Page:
The government must remove the pay cap for public sector workers

Blog
26 July 2017 by ATL
The School Teachers’ Review Body’s latest report has at last been published. The report warns the government that action must be taken on teachers’ pay to help reverse the crisis in teacher recruitment and retention.

They recommended a one percent increase to the minimum and maximum of the upper, leadership and leading practitioner pay ranges and allowances. They also recommended a two percent increase to the minimum and maximum of the main pay range.

Since the election there has been much debate as to whether the government’s one percent cap on public sector pay should be lifted. Despite the fact that their Report was written and submitted in April, before the surprise election was called, the Review Body have made their view clear that they believe the pay cap is responsible for leaving teaching with one of the lowest starting salaries for graduate professions.

The TUC has estimated that the pay cap has meant that since 2010 teachers have suffered a real terms pay cut of 6.4% if inflation is measured by the Consumer Price Index (CPI) or 10.4% if measured by the Retail Price Index (RPI).[1] Of course, individual teachers will have experienced different levels of pay cut. The government’s decision to give additional flexibilities on pay to schools has led to many teachers being denied the pay progression and cost of living increases that they deserve. The joint ATL and NUT pay survey undertaken at the end of last year found that one in five eligible teachers were denied progression to the next point on the pay scale.[2]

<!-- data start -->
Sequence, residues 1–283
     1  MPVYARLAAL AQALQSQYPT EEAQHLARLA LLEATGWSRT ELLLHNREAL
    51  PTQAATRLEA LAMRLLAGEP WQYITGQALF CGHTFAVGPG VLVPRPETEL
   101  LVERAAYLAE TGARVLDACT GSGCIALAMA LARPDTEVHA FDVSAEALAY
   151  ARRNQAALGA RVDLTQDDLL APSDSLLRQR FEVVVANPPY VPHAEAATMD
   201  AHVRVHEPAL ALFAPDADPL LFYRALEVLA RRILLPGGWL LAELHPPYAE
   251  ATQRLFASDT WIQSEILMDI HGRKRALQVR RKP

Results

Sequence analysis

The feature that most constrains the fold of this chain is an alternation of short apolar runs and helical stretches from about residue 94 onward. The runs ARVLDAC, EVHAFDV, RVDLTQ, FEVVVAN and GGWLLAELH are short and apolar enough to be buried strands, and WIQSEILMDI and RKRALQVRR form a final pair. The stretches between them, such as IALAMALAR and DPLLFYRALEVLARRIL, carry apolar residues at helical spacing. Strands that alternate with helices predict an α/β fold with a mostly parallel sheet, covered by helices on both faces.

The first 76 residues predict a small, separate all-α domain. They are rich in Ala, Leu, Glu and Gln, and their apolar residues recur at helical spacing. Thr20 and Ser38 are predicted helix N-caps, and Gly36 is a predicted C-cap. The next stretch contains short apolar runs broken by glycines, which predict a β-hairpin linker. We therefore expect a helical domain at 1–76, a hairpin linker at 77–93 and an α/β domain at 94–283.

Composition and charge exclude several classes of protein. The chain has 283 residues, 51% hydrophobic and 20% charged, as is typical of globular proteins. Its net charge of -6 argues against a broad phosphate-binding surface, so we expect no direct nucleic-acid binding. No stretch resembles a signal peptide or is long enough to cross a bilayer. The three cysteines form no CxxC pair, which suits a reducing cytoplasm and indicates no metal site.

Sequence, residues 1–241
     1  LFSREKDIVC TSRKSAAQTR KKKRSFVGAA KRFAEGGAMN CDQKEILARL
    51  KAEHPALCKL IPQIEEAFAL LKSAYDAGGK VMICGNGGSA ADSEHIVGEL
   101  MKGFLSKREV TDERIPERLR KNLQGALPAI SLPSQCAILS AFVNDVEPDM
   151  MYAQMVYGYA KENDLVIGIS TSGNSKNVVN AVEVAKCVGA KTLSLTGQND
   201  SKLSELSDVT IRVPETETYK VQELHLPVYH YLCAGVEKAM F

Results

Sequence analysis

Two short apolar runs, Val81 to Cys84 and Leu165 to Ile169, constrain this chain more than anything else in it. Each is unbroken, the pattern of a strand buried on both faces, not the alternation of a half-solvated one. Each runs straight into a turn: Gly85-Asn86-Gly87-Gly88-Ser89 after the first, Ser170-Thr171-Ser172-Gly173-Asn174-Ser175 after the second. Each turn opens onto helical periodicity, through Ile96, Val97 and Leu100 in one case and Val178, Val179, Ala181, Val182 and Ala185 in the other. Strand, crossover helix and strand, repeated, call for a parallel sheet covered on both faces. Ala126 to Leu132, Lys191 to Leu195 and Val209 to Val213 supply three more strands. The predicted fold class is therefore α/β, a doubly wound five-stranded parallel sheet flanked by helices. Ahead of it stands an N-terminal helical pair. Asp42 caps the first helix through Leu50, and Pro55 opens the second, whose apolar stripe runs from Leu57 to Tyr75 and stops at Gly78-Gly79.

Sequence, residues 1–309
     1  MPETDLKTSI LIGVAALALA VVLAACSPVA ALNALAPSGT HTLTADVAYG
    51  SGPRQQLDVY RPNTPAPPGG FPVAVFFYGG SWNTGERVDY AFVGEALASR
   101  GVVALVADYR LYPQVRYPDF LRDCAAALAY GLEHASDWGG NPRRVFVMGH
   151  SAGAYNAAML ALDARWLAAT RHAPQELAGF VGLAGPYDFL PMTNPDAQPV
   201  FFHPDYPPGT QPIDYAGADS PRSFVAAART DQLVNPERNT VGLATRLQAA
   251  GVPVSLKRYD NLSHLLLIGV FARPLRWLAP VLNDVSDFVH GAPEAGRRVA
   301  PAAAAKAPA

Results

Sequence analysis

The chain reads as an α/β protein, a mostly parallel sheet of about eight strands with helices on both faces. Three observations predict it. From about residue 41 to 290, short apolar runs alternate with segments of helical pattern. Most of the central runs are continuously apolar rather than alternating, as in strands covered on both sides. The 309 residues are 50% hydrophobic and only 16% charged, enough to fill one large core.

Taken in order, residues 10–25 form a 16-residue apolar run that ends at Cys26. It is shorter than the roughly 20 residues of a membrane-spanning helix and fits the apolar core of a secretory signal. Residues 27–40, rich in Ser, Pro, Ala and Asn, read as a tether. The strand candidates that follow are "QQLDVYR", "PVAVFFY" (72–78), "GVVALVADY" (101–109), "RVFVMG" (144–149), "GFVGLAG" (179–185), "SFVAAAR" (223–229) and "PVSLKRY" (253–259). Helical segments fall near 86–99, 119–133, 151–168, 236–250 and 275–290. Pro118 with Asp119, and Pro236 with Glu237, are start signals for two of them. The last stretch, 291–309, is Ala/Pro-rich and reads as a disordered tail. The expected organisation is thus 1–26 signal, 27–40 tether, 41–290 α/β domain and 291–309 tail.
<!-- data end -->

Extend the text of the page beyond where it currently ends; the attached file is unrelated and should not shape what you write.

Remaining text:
It has been reported that the Chancellor believes that public sector workers, including teachers, are overpaid

 

It has been reported that the Chancellor believes that public sector workers, including teachers, are overpaid. We dispute this claim as it’s impossible to make accurate and meaningful comparisons between the two sectors. What we do know is that teachers are leaving in record numbers. Last year over 50,000 teachers left the profession. We accept that pay may not be the main factor that teachers have based their decision on but it will be one of the factors that has been added to the toxic mix of increasing workload and stress.

We know schools are struggling under financial pressures, which is why we have told the government they must make sure schools have the funding they need to ensure that every teacher gets the pay increase or progression they are entitled to.

The government must remove the pay cap for public sector workers. The next remit to the Review Body must allow them to make the recommendations on pay that they believe are needed to ensure that teaching remains an attractive profession and can recruit and retain sufficient staff to be able to teach the increasing numbers of pupils that have been forecast.

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